College entrance exams for visually impared Tsering

On June 7th, the first day of college entrance exams, Tsering dressed himself up in a clean set of uniforms and arrived at the entrance to the Number One High School of Shigatse, Tibet under the assistance of Penpa Lotsong, a teacher from the Number One Middle School in Samdruptse District. Tsering is a senior from the liberal arts program of Shigatse No.1 High School. Unlike other students, he is blind from an accident from when he was 3-years-old. There are only two visually impaired students taking the college entrance exams this year, one in Shanxi Province and the other is Tsering in Tibet.


Tsering and his teacher Penpa Lotsong

The only student at a special Exam Site

Penbu Teshi is Tsering’s classmate and roommate. During the three years of high school, Penbu has taken on the responsibility of helping Tsering, such as picking him up, getting food from the cafeteria, laundry, as well as all errands. On the day before the exams, Penbu also helped Tsering with preparing things needed for the day.


Penbu Teshi is helping Tsering with preparing things needed for the exams.

Penpa Lotsong is a teacher from Tsering’s days at the Number One Middle School in Samdruptse District and he was approved to look after Tsering during the exam period. Initially, Tseing’s test site was at Shigatse Number One High School l, but his condition got special attention from the central government, and the test site was moved to Shanghai Experimental High School of Shigatse because the latter had higher-resolution cameras. Once connected to the internet, the video could go straight to Beijing.

Tsering was the only student at test site “086” at Shanghai Experimental High School of Shigatse, so his student number was “01.” At this site, there were two Braille typewriters and a thick stack of Braille paper on top of four desks, which Tsering would use to complete his exams. To help Tsering sit more comfortably, the test site prepared a club chair for him. The test proctor told Tsering that he was authorized to read aloud the test questions if the Braille wasn’t clear, to which Tsering politely replied “thank you, teacher.”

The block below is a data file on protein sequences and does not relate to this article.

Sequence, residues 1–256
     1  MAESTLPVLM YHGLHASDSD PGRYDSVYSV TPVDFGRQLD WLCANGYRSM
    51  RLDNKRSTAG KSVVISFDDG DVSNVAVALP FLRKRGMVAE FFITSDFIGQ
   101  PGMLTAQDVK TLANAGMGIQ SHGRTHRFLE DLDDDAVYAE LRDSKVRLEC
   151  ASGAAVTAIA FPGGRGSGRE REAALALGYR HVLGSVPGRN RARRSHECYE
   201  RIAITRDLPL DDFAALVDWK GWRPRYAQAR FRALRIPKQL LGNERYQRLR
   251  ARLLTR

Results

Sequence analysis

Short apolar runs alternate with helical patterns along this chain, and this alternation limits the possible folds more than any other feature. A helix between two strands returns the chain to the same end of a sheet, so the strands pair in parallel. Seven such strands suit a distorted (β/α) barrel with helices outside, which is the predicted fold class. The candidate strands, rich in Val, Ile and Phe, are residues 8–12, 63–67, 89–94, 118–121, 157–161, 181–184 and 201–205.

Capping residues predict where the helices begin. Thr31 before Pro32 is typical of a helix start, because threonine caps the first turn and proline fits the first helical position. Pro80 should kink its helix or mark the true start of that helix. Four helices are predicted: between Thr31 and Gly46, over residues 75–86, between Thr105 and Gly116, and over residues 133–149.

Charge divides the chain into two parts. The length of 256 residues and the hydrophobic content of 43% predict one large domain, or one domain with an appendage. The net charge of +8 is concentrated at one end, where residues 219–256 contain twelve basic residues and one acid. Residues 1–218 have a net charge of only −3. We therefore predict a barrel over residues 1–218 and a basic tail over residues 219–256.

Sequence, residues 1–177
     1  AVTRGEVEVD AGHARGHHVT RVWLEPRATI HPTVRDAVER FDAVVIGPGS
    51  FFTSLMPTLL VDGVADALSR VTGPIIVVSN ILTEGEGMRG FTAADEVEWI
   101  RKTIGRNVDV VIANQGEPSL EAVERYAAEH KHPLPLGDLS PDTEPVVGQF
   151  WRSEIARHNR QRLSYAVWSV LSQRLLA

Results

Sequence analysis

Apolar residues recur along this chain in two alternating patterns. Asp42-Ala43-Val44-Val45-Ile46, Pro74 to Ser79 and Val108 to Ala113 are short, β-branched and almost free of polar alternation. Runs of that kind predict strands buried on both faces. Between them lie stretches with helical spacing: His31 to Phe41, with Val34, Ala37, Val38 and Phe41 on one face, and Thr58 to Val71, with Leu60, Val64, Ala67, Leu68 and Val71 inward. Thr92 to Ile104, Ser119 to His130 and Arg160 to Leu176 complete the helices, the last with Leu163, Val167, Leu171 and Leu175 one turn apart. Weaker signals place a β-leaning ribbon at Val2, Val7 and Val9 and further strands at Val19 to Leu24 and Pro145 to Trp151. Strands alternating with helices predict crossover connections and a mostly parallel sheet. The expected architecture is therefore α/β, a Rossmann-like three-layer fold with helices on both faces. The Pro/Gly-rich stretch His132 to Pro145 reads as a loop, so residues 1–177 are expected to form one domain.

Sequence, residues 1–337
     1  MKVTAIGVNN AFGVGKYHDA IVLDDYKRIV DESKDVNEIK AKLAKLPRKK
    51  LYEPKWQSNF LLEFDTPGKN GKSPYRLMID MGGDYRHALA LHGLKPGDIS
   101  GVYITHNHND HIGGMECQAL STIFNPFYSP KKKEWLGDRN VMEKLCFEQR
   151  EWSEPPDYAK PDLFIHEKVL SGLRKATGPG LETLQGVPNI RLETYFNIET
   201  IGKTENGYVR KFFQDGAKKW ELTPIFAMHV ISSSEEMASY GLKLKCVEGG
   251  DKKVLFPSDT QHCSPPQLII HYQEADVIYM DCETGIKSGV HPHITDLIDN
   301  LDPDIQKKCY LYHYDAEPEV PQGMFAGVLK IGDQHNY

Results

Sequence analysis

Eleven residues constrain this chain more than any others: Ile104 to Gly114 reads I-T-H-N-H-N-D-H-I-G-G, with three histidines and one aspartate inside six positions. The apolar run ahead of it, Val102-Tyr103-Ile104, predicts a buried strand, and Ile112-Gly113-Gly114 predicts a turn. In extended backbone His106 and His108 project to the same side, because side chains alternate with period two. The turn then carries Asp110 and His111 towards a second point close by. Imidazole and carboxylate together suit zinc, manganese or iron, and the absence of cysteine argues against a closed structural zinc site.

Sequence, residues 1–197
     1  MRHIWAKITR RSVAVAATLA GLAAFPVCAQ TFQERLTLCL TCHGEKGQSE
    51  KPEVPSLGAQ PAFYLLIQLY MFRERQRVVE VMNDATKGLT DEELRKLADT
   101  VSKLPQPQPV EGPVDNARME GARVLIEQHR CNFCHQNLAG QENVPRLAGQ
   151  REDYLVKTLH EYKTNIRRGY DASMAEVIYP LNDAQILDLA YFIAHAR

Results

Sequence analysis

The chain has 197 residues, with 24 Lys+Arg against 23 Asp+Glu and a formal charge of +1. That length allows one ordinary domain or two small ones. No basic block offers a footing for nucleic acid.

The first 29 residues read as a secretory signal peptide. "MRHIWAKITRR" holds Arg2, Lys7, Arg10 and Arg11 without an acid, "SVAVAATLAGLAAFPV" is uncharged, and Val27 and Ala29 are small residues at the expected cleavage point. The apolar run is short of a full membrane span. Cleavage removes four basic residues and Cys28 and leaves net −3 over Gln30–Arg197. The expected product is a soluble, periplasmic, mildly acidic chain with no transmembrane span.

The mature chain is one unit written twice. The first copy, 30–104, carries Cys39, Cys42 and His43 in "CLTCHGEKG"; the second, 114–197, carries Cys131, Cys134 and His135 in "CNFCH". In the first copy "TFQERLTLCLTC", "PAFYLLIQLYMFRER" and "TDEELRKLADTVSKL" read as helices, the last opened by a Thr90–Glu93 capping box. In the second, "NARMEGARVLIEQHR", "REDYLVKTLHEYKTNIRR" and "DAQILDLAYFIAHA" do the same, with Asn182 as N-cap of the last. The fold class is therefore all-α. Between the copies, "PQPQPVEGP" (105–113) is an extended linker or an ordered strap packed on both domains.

To become a teacher after graduation

After the exam, Tsering told the reporter that he had to feel by hand 32 sheets of Braille, which was something he has not done before. Fortunately, he was given an extra half-hour in the Chinese, comprehensive literal arts, and English exams by the test proctor.


Tsering is taking the exam.

“I was taking the exams in an unfamiliar environment, and I didn’t really ask the proctor to read aloud the questions, so I feel like I did about 70% to 80% of my best.”

On the morning of June 9th, Tsering finished Tibetan, his last exam. When he was leaving the campus, he took photos with Penpa Lotsong and Penbu Teshi, two people who have taken the most care of him in the last six years. One is a teacher and one is like a brother. Tsering hopes to be accepted by the Tibetan department at Tibet University, and work as a Tibetan teacher when he graduates college.